Is it possible for there to be a purpose in a Universe born in a Big Bang and filled with evolving life? Can the multiverse and superstring theories of cosmology be rendered consistent with an infinite intelligence? Might our human consciousness transcend physical matter? Is our existence and the life we live the means whereby God experiences God’s own potential?
A remarkable discovery has gradually emerged in astrophysics over the past two decades and is now essentially undisputed: that certain key physical constants have just the right values to make life possible. Most scientists prefer to explain away this uniqueness, by claiming that a huge, perhaps infinite, number of universes must therefore exist, each with unique properties, each randomly different from the other, with ours only seemingly special because in a universe with different properties we would never have originated.
Haisch proposes the alternative that the special properties of our Universe reflect an underlying intelligence, one that is fully consistent with the Big Bang and Darwinian evolution. At this time both views are equally logical and equally beyond proof. However exceptional human experiences and accounts of mystics throughout the ages do suggest that we live in a purposeful Universe. Haisch speculates on what this purpose might be and what that purpose means for our lives.
This is not incompatible with science. Astrophysicist Sir James Jeans wrote that “the universe begins to look more like a great thought than like a great machine” and Sir Arthur Eddington, who proved that Einstein’s general relativity was correct, wrote about “science and the unseen world.” Cosmologist Sir Fred Hoyle called the Universe “an obvious fix.”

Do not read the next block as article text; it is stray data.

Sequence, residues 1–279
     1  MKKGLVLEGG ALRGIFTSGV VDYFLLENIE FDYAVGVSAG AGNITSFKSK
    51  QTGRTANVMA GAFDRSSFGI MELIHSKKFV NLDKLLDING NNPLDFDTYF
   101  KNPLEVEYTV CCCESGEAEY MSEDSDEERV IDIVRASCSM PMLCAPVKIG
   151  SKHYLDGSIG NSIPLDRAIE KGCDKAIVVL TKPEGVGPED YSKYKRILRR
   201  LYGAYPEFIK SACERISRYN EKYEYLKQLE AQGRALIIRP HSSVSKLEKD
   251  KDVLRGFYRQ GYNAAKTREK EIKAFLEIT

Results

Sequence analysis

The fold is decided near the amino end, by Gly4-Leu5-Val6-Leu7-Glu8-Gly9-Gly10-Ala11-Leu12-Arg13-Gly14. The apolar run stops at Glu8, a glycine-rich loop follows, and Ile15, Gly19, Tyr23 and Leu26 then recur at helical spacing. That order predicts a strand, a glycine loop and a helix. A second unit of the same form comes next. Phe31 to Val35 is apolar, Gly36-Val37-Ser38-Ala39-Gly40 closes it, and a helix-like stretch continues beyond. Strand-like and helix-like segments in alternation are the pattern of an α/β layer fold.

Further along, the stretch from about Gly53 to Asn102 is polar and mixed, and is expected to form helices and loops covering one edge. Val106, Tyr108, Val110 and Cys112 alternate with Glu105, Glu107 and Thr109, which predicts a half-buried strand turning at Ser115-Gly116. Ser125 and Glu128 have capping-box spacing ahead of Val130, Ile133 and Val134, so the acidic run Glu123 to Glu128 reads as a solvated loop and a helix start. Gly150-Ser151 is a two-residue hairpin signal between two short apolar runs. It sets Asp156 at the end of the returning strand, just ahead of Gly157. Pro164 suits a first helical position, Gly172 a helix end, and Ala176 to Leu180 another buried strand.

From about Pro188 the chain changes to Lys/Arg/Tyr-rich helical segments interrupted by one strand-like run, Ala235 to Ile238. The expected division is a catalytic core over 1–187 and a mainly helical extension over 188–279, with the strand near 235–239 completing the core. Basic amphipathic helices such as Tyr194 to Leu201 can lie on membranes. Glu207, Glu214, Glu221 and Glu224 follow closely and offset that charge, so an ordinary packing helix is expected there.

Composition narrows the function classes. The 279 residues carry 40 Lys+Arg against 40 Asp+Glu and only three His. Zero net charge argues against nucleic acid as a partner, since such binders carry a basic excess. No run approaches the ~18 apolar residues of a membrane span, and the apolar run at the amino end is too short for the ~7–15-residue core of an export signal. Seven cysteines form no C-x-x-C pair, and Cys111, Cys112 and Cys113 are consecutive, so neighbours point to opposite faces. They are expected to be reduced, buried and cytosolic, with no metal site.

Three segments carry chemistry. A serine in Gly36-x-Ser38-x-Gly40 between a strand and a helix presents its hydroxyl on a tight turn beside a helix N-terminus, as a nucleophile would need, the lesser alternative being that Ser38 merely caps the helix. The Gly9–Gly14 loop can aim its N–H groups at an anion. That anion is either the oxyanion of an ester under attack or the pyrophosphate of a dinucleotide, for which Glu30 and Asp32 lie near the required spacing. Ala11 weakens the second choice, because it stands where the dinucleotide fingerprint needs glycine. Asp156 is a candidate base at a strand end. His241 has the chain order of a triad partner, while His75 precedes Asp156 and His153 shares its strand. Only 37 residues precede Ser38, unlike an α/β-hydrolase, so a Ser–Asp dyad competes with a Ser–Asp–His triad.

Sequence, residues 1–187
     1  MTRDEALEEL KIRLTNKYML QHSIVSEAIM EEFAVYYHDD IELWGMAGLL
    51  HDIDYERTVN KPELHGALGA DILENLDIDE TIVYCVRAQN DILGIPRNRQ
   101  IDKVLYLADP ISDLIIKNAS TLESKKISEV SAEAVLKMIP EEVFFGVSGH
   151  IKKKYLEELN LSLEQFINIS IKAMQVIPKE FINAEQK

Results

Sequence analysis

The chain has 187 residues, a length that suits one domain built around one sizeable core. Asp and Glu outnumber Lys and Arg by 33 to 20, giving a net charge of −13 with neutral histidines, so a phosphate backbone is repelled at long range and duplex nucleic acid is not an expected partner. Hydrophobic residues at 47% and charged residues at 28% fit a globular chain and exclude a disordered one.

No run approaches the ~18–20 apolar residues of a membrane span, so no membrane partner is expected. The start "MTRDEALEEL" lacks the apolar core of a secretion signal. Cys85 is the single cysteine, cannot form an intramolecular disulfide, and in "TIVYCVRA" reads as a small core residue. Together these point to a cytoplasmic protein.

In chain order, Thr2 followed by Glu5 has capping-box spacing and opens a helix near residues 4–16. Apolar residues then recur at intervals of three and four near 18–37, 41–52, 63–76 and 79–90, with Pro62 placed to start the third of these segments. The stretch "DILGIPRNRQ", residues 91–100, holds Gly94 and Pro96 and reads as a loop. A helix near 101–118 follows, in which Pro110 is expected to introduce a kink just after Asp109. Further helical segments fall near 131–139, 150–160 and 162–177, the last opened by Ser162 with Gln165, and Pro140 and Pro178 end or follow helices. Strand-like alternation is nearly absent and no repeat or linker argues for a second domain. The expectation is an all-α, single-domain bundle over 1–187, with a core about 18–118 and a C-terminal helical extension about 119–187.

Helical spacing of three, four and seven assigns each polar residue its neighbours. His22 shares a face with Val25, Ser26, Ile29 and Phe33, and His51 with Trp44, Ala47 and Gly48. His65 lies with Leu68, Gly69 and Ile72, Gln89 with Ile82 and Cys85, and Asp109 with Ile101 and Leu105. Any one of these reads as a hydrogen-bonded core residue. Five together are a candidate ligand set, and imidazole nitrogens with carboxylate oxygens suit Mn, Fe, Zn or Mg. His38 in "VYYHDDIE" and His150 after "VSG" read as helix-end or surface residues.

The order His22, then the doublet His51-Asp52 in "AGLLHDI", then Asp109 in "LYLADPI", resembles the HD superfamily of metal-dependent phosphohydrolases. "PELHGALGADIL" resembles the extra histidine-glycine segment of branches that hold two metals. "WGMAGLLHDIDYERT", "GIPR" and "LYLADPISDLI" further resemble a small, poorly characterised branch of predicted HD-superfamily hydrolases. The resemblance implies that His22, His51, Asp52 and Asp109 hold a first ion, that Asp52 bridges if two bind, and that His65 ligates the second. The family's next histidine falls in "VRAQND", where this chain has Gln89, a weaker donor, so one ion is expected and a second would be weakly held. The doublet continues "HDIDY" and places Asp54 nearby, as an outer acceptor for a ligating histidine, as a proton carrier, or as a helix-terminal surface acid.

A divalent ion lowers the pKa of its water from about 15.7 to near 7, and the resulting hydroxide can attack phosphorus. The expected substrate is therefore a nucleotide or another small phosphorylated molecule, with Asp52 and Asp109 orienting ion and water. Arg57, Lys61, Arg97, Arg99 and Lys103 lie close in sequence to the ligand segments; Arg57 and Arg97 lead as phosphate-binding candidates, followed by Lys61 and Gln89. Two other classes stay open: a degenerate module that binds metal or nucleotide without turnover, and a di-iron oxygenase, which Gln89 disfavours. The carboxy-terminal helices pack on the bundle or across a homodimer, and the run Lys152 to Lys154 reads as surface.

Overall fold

Is there a God?
There are good reasons to think so. It is now accepted in astrophysics that several key properties of the Universe and the laws of physics have “just right” values that enable life to arise and evolve. This is essentially undisputed. The explanation for this fine-tuning that appeals to most scientists is that this means there must be a huge number of other Universes, perhaps even an infinite number, in which the laws of physics are different. Life as we know it could never arise in such universes. Our universe is just one of these, and we find ourselves here because we could not have originated anywhere else. All universes arise at random, probably from quantum fluctuations.
This implicitly assumes that some kinds of laws or fields preexist to allow quantum fluctuations to arise. No laws, no action. And of course this also implies that these universes, ours included, have no purpose because they arise out of random processes. I am simply proposing that rather than purposeless laws or fields preexisting, it is a supreme intelligence that preexists, and that the ideas of this intelligence gives rise to laws of physics that create universes, so call it God. Both origin explanations are equally logical and equally beyond proof at this time, but there is a purpose behind the God interpretation.
What is The God Theory?
The idea goes back to one of the founders of modern astrophysics, Sir James Jeans, who wrote that the universe seemed to him to be more like a great thought than like a great machine. Well, whose great thought might that be? So I start with the concept of a supreme intelligence that has to be completely consistent with the Big Bang, evolution and other scientific knowledge. The God Theory then includes a very logical and compelling reason for why such a supreme intelligence would create universes in the first place: to transform infinite potential into experience. The experiences of the life forms (such as human beings) possible in the many different universes become the experience of the supreme intelligence. We are all sparks of God, experiencing his/her creativity. This has nothing to do with intelligent design: God does not need to microengineer or micromanage the evolution of life forms. The ideas of God are the basic laws of physics and the associated physical constants.